Abies fraseri 'Rawl's Dwarf' / Rawl's Dwarf Fraser fir

Abies fraseri 'Rawl's Dwarf' is a broadly conical, upright dwarf selection of Fraser fir with shiny, dark-green needles. Young plants will be quite amorphous in structure until eventually developing apical dominance and start growing upward becoming lush, squat and cone-shaped. Typical rate of growth in most areas is 1 to 2 inches (2.5 - 5 cm) per year, resulting in a small tree, less then 2 feet (60 cm) tall after 10 years in the landscape.

There is quite a bit of confusion regarding the correct name and history of this cultivar. One can find the original plant at Bill Walter Conifer Collection at the Dubuque Arboretum, Iowa, USA. In a recent conversation with the curator of the collection, he stated that the original plant came into the collection with the name, 'Rawl's Dwarf.' The original plant is now 20 years old (as of 2014) and measures 3 feet (90 cm) tall and wide. Beyond that, no other history is available at this time.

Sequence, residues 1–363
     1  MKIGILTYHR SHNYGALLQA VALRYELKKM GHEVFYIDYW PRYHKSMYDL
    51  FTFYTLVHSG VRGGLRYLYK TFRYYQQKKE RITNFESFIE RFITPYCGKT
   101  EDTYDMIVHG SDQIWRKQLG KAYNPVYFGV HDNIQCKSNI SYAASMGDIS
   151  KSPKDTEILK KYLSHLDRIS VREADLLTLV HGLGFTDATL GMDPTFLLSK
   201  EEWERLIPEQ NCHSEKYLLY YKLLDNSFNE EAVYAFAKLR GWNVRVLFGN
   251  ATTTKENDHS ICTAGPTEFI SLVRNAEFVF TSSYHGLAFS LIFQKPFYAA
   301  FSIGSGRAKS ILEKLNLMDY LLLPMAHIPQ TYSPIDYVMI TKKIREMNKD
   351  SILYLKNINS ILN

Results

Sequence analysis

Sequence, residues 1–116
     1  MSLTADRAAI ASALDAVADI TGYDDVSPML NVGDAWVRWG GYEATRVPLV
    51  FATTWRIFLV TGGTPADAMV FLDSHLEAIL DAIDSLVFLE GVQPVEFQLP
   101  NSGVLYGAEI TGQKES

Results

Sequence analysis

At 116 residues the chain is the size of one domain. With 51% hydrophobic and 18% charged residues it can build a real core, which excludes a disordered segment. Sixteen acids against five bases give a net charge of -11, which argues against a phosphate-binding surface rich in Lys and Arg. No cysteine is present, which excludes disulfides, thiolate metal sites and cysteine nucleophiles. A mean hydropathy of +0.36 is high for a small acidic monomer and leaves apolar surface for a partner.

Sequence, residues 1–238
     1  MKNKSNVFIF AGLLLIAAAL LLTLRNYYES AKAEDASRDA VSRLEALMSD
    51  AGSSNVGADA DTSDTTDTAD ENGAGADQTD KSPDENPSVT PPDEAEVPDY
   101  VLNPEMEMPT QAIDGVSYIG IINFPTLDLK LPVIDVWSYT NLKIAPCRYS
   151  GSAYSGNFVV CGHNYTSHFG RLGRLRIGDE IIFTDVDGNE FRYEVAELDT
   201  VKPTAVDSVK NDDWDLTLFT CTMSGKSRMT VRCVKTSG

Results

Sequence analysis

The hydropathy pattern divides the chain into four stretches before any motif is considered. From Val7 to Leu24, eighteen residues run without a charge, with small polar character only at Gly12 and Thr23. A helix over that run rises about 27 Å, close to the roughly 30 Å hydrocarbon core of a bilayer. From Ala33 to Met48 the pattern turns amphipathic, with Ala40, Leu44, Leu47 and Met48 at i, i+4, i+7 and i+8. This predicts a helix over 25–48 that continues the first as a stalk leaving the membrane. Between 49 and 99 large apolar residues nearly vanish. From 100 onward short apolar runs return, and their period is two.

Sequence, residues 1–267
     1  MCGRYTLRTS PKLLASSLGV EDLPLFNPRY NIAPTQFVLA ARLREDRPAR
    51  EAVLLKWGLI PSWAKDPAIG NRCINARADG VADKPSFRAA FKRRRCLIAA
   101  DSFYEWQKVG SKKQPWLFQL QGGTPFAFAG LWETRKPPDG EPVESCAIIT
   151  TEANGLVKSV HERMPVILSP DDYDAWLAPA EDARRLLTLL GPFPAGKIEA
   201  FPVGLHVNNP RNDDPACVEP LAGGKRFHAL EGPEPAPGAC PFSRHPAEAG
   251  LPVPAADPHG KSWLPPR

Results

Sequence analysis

Synonyms such as 'Rawles', 'Rawles W.B.', 'Rawls' and several other permutations exist in the nursery trade. 'Raul's Dwarf' is the name registered with the Royal Horticultural Society, but this is also incorrect.

Abies fraseri 'Rawl's Dwarf' — a mature specimen in the Edwin Smits Pinetum, Volkel, The Netherlands.
Photo by Edwin Smits
Abies fraseri 'Rawl's Dwarf' — an attractive mature specimen in a private garden in Ohio.
Photo by David Olszyk
Abies fraseri 'Rawl's Dwarf' — a closeup of foliage detail.
Photo by David Olszyk
Abies fraseri 'Rawl's Dwarf' — an attractive, symmetrical young plant at the ACS Reference Garden, Oregon Garden, USA.
Photo by David Olszyk
Abies fraseri 'Rawl's Dwarf' -- a nicely formed young plant at Hobbiton Gardens, Port Orchard, WA.
Photo by Will Fletcher